Another finding of our study was that there was no difference in mean revision rate between the two treatment options. However, most of the studies included in our study had a mid-term follow-up (> 2 years). In addition, the main causes of revision after aTSA were rotator cuff tear and posterior subluxation. Our analysis did not show a statistical difference in the revision rates of rTSA and aTSA; however, an increase in the number of cases and the follow-up period could make a difference. According to our results, rTSA is preferred over aTSA for osteoarthritis without cuff tear as it shows a lower revision rate for patients with poor-quality cuff tissue or a severely worn glenoid. Hence, to select the best arthroplasty system, the condition of the cuff tissue and glenoid wear should be considered.
Regarding radiological outcomes, glenoid loosening is commonly found in cases of aTSA, which is possibly related to the larger ROM obtained with aTSA than with rTSA. Although there was no difference in the revision rate, these changes can have an effect in the long term. When other joints undergo arthroplasty, peri-implant loosening is a warning sign for revision [7, 17, 19]. However, in some studies regarding aTSA, early baseplate loosening found on a radiological exam did not deteriorate in the long-term follow-up [2, 5, 9, 12, 26]. In cases of rTSA, scapular notching did not improve in the long-term follow-up, resulting in a significantly negative effect on the clinical outcomes . Since our study did not have a long-term follow-up, further research will be needed to confirm the long-term prognosis of each treatment. In addition, it is necessary to determine the radiological outcomes according to differences in treatment methods.
There are several limitations of the current analysis. First, although a satisfactory number of studies was included, the number of RCTs was small. Pooling the results of retrospective studies may lead to an overestimation of the outcomes. Nevertheless, since no publication bias was observed in the present meta-analysis, our results were meaningful. Second, we could not evaluate the risk of bias arising from the variable quality of different arthroplasty systems and concepts; this is inevitable when performing a synthetic study. Third, we did not include any newly invented or modified devices or systems. Further studies that include high-quality trials of new models are needed. Finally, considering the clinical significance of arthroplasty, the mean follow-up of the studies included in our analysis was short. Although we did not find any difference in revision rate between the systems, future studies comparing long-term outcomes are needed.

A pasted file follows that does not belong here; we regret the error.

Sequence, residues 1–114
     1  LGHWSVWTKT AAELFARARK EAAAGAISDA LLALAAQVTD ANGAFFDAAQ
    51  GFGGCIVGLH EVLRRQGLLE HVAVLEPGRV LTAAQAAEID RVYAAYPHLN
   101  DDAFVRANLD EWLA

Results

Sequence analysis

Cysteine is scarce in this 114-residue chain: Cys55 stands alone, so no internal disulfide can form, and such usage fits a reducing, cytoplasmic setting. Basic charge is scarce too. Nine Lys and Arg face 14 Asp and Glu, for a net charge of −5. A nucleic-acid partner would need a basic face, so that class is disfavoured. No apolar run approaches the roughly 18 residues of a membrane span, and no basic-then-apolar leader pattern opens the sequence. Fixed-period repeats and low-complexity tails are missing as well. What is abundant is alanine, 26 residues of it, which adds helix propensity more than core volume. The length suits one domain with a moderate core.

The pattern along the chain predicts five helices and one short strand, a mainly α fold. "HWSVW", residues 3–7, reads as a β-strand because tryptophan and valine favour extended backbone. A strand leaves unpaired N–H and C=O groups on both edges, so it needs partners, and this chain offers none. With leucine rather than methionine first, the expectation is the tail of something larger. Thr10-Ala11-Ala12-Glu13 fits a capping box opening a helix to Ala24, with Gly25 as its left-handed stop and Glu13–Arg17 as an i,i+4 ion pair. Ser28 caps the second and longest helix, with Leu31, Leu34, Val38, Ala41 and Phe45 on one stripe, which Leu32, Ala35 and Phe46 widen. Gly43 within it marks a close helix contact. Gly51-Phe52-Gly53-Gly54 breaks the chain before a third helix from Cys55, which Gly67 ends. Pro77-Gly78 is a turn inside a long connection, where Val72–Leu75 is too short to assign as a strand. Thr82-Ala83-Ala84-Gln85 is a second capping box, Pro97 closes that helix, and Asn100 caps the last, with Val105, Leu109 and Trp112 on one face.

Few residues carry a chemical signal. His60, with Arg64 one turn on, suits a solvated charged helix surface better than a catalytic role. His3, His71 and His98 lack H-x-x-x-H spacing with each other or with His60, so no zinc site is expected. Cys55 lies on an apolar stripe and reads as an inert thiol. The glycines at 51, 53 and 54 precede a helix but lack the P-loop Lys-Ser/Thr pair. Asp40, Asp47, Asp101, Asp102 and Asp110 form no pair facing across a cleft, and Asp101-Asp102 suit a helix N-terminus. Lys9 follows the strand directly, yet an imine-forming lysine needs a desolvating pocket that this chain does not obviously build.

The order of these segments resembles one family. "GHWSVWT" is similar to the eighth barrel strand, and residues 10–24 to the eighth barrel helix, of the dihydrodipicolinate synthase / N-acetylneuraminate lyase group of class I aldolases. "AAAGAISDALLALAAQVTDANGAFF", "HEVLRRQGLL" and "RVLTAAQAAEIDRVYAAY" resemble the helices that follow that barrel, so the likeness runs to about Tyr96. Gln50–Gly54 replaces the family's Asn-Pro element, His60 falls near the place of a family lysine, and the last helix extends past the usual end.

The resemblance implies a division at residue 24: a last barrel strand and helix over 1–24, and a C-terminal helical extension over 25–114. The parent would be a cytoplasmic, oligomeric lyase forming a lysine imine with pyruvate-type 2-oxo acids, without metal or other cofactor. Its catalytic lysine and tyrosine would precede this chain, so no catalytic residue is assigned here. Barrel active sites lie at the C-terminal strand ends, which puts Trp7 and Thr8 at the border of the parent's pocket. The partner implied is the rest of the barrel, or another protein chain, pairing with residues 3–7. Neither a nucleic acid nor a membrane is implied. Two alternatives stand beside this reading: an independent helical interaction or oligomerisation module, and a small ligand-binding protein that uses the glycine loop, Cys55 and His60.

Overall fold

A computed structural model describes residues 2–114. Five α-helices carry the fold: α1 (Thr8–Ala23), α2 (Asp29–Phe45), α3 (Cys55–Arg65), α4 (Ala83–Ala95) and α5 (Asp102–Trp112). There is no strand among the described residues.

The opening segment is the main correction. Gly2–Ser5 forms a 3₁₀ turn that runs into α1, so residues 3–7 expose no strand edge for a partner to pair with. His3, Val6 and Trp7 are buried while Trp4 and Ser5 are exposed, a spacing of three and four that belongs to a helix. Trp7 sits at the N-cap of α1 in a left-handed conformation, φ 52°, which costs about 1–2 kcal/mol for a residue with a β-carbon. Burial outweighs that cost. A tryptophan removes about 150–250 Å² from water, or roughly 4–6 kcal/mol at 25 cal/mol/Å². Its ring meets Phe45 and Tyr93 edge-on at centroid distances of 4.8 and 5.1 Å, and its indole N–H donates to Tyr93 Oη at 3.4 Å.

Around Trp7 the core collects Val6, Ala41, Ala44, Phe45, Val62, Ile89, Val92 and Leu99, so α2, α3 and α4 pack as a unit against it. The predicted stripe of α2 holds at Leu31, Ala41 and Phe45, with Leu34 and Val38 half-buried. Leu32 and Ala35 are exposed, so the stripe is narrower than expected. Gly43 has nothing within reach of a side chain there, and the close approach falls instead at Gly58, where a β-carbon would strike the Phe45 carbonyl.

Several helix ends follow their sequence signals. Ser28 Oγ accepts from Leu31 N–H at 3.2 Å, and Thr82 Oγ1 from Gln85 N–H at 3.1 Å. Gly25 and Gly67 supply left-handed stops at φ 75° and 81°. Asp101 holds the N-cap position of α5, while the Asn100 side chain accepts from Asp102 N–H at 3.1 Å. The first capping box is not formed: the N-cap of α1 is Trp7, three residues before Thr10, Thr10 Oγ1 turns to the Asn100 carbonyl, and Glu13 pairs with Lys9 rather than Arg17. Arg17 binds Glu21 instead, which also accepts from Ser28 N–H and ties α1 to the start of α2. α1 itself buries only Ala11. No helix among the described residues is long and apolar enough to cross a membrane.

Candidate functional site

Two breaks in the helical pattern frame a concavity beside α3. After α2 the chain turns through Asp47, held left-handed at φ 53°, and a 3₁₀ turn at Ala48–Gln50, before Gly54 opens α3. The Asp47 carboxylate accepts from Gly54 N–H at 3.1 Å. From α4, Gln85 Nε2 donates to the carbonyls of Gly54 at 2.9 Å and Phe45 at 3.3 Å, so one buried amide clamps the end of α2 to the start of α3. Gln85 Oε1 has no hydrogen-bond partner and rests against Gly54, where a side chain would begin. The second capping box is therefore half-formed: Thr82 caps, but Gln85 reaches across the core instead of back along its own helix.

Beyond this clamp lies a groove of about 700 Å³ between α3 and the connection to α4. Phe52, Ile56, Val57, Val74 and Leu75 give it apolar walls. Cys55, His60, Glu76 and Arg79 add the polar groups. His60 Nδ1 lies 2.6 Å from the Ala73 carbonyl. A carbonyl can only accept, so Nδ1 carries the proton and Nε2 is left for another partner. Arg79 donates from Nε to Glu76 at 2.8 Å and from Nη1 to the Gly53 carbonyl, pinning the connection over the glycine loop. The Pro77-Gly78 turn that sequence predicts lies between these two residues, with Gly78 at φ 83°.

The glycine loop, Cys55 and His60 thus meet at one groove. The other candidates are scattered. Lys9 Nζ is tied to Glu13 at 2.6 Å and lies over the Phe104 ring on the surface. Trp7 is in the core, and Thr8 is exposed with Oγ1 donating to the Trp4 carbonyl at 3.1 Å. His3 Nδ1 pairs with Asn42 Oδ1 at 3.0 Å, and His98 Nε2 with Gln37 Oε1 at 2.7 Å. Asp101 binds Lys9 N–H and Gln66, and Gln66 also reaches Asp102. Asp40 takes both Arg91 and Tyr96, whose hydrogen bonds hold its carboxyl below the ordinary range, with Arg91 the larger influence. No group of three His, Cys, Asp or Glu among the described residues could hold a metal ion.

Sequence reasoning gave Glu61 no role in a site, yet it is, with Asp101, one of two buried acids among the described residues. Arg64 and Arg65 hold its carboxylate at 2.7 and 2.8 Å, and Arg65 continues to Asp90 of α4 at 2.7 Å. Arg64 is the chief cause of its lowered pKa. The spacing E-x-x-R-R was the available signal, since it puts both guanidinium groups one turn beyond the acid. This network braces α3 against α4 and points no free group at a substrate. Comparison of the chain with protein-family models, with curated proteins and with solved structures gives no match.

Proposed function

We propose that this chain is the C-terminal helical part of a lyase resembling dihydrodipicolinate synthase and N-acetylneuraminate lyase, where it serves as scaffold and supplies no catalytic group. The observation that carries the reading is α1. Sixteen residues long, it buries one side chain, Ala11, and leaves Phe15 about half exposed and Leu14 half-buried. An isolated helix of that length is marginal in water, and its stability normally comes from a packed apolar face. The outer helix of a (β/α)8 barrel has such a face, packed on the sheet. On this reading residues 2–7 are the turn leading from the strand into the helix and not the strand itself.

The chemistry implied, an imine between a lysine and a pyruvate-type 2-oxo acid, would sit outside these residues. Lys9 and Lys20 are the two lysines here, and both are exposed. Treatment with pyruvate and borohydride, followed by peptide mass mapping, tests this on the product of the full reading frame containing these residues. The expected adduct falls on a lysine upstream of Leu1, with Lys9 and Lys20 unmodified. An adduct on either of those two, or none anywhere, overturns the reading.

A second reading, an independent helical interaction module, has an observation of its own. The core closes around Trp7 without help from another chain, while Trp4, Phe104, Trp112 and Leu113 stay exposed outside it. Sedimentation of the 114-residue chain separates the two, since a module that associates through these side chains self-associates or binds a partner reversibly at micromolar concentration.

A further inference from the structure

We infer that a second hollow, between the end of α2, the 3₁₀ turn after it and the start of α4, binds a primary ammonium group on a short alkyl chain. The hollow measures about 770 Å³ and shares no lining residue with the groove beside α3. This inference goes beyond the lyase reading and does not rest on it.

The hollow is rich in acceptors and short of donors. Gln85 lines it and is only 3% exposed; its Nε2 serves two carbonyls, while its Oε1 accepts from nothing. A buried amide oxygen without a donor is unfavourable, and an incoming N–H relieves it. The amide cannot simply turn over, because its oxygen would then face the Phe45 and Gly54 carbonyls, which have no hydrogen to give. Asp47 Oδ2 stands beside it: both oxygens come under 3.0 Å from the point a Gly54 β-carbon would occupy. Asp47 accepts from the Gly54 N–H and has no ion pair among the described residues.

The results of our meta-analysis showed that a larger ROM can be achieved with aTSA than with rTSA, but they did not differ in revision rate at the mid-term follow-up. Glenoid loosening was more common with aTSA than with rTSA, and scapula notching was more common with rTSA, as per radiological findings. Considering our results, surgeons should carefully select the treatment option while keeping in mind the patient’s needs and functional activity when treating primary glenohumeral arthritis.
Availability of data and materials
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This research was supported by Korean Fund for Regenerative Medicine funded by Ministry of Science and ICT, and Ministry of Health and Welfare (HH21C0001, Republic of Korea).
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Kim, H., Kim, CH., Kim, M. et al. Is reverse total shoulder arthroplasty (rTSA) more advantageous than anatomic TSA (aTSA) for osteoarthritis with intact cuff tendon? A systematic review and meta-analysis. J Orthop Traumatol 23, 3 (2022). https://doi.org/10.1186/s10195-022-00625-y
- Anatomical total shoulder arthroplasty
- Reverse total shoulder arthroplasty
- Range of motion
- Revision rate